Lakeside Craft Shops

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In October 1910, at the age of 61, Fred Albert Dennett (1849-1920) launched The Lakeside Craft Shops in a new factory to be constructed in Sheboygan, Wisconsin.  The company was to produce furniture and home furnishings including “many articles not generally produced.” Dennett tapped his son-in-law, Edward J. Barrett, to manage the day-to-day operations.  Dennett doubtless chose the name “The Lakeside Craft Shops” for the illusion it suggested of a band of contented craftsman producing artistic, hand-made products for the home. By 1910, there were hundreds of furniture companies throughout the country manufacturing Arts and Crafts furniture of varying quality. It was therefore very risky for Dennett to enter this crowded marketplace with his own line of Arts and Crafts furniture and furnishings. Nevertheless, The Lakeside Craft Shops began production in 1912… and business was good.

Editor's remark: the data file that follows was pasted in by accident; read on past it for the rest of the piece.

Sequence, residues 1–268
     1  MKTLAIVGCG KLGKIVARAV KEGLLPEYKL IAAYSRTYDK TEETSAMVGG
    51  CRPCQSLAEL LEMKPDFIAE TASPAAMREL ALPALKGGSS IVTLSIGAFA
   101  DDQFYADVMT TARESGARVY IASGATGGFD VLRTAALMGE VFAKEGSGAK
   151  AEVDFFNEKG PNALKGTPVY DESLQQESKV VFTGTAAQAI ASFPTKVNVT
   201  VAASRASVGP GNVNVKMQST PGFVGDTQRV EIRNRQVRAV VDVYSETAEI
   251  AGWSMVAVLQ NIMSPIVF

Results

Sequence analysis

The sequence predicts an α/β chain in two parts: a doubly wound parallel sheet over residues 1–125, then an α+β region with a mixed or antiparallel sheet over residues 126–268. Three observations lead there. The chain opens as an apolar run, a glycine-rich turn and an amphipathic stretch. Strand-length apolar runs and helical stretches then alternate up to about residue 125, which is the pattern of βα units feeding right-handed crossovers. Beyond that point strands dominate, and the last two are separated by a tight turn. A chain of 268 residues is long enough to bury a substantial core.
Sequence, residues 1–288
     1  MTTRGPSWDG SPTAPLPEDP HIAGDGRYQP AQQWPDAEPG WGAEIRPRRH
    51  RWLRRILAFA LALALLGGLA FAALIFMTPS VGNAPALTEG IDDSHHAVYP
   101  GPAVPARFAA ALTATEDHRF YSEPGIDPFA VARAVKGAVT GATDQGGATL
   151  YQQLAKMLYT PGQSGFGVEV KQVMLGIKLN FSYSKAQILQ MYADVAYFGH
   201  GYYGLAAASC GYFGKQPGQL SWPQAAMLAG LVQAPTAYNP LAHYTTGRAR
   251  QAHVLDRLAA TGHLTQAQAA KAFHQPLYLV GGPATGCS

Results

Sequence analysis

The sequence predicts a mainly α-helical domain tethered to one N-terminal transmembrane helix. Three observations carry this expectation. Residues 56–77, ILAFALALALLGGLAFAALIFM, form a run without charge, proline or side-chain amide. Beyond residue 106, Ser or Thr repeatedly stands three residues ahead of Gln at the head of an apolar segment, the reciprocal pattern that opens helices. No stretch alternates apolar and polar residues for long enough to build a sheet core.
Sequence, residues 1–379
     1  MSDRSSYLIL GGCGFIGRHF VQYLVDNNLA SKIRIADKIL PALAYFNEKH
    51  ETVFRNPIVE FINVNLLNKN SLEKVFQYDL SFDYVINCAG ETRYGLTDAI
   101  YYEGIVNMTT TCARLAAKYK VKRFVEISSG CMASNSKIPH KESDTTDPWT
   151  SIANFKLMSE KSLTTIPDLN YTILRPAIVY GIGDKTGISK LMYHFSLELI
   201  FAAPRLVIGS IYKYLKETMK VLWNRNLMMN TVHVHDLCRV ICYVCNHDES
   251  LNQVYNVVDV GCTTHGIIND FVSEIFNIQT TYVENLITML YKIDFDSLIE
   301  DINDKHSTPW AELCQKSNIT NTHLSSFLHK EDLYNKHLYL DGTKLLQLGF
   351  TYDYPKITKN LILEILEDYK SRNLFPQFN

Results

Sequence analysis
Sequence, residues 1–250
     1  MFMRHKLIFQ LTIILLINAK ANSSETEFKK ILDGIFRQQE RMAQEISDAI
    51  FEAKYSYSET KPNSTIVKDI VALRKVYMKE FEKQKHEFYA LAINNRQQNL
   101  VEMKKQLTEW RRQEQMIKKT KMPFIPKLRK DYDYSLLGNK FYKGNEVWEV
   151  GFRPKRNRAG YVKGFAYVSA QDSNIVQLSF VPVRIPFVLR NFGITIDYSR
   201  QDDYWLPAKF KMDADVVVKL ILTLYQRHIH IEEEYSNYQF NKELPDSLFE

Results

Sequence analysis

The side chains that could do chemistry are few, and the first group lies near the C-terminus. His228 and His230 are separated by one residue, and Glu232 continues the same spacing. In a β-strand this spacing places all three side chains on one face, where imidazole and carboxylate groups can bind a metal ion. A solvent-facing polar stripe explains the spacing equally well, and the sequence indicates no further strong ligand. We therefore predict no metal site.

The Lakeside Craft Shops specialized in small pieces of furniture, such as cellarettes, footstools, and umbrella stands, and even smaller home furnishings, such as fern dishes, bookends, and serving trays.  The company’s 1912 catalogue shows over 300 items in its eighty-six pages.

Sheboygan was a good choice for the home of The Lakeside Craft Shops. Sheboygan was close to sources of lumber and close to markets. Moreover, Sheboygan offered a large pool of experienced furniture workers. Sheboygan already was home to dozens of furniture manufacturers, and long before The Lakeside Craft Shops was established, the city enjoyed the nickname the “Chair City.”  (Courtesy of The Journal of Antiques and Collectibles)